Twelve years later, Junker having occasion to go to Amsterdam, was accosted on the exchange by a man well dressed, and of the first appearance, who, he had been informed, was one of the most respectable merchants of that city. The merchant, in a polite tone, enquired whether he was not Professor Junker of Halle? and, being answered in the affirmative, he requested, in an earnest manner, his company to dinner. The professor consented, having reached the merchant’s house, he was shewn into an elegant apartment, where he found a beautiful wife, and two fine healthy children; but he could scarcely suppress his astonishment at meeting so cordial a reception from a family, with whom he thought he was entirely unacquainted. After dinner, the merchant, taking him into his counting-room, said, “You do not recollect me?” – “Not at all.” “But I will recollect you, and never shall your features be effaced from my remembrance: you are my bene-factor: I am the person who came to life in your closet, and to whom you paid so much attention. On parting from you, I took the road to Holland; I wrote a good hand; was tolerably good at accounts; my figure was somewhat interesting, and I soon obtained employment, as a merchant’s clerk. My good conduct, and my zeal for the interests of my patron, procured me his confidence, and his daughter’s love. On his retiring from business I succeeded him and became his son-in-law. But for you, however, I should not have lived to experience all these enjoyments. Henceforth, look upon my house, my fortune, and myself, as at your disposal” (Professional Anecdotes, 1825, p194-195).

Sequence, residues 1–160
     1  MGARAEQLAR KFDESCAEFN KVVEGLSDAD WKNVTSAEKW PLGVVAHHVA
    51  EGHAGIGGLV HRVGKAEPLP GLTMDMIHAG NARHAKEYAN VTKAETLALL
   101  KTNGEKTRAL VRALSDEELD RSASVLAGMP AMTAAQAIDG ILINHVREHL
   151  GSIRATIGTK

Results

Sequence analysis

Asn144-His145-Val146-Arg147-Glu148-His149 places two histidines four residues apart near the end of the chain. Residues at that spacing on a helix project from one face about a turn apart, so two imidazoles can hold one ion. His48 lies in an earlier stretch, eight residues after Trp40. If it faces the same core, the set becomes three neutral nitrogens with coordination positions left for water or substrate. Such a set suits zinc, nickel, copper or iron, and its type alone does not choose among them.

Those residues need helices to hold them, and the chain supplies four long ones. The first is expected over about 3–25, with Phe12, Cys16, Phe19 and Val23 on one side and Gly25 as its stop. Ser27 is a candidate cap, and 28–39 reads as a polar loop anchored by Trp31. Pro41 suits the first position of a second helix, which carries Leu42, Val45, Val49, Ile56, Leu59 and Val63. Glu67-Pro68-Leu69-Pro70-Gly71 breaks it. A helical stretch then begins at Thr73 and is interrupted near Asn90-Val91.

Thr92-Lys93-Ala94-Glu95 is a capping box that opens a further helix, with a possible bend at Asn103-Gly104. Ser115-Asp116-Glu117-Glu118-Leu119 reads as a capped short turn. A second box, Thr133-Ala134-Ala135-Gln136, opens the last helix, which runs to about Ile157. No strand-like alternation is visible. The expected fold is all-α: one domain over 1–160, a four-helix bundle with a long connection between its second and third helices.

A few morals to this story.  Don’t assume folks are dead.  Or at least not permanently.  Also. Dead people can be incredibly gracious.  The trick is sorting out the dead from the living.  Here’s a tip.  Living people are usually ungrateful jerks.  A good rule of thumb is that expressed by Anthony Hicks, who observed, “Dead people have a right to be heard and seen.”

Seward, John. The Spirit of Anecdote and Wit. London: Walker and co.; [etc., etc.], 1823.
Taylor, Joseph, 1761 or 2-1844. Apparitions: Or, The Mystery of Ghosts, Hobgoblins, And Haunted Houses Developed. 2d ed, London: Lackington, Allen, 1815.
Watts, Joshua. The Museum of History: Or, Narratives of the Most Remarkable and Interesting Events Which Have Taken Place In Modern Times… 3rd ed. New Haven, [Conn.?]: H. Mansfield, 1825.
Tebb, William, 1830-1918. Premature Burial and How it May Be Prevented: With Special Reference to Trance, Catalepsy, And Other Forms of Suspended Animation. London: S. Sonnenschein & co., 1896.
The Terrific Register: Or, Record of Crimes, Judgments, Providences, And Calamities … London: Sherwood, Jones, and co.; [etc., etc.], 1825.
“Professor Junker”. Professional Anecdotes, Or Ana of Medical Literature. London: J. Knight & H. Lacey, 1825.